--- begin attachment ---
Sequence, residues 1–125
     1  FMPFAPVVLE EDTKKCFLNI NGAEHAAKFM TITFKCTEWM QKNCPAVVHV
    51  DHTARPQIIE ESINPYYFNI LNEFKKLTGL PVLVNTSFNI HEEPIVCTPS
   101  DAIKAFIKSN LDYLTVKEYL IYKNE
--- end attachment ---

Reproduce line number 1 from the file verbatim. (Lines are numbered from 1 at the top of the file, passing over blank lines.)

Sequence, residues 1–125